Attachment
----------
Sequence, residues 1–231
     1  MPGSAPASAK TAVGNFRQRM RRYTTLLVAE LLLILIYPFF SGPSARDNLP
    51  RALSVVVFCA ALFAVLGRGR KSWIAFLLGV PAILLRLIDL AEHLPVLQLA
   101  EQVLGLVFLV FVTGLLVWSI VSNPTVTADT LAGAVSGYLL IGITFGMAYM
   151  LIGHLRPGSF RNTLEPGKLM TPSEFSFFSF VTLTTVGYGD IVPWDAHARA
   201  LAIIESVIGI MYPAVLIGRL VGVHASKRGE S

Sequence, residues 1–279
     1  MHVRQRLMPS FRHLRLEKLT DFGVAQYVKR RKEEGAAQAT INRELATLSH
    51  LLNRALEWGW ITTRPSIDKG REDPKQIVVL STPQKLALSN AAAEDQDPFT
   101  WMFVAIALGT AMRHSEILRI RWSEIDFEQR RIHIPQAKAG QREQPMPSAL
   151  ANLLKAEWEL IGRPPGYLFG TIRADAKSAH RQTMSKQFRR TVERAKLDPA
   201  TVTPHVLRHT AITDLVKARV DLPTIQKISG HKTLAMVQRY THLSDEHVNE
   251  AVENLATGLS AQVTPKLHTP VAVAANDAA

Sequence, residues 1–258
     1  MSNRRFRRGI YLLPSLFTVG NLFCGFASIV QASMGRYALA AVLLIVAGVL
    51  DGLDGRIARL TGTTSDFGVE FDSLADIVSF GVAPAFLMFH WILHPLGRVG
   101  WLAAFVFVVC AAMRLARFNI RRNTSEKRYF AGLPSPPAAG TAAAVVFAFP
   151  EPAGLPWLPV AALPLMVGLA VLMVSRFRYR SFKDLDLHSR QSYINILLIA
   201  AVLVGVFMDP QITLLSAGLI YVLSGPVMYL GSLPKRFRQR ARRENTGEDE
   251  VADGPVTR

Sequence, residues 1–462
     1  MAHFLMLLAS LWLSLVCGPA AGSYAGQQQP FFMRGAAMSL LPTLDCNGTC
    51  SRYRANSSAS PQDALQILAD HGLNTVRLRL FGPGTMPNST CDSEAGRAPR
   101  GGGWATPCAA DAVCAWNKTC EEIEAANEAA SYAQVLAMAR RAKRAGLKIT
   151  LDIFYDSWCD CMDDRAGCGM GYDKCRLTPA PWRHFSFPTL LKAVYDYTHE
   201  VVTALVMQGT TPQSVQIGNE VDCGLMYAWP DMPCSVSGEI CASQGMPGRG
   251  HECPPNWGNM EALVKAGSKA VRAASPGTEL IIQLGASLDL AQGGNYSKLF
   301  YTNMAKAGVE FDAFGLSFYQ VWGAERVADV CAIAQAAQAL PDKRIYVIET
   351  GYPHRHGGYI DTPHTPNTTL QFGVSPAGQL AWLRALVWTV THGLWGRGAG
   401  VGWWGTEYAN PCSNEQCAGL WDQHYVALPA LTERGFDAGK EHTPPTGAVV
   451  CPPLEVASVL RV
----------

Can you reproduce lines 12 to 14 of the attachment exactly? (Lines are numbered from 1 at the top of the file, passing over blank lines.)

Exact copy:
   201  TVTPHVLRHT AITDLVKARV DLPTIQKISG HKTLAMVQRY THLSDEHVNE
   251  AVENLATGLS AQVTPKLHTP VAVAANDAA

Sequence, residues 1–258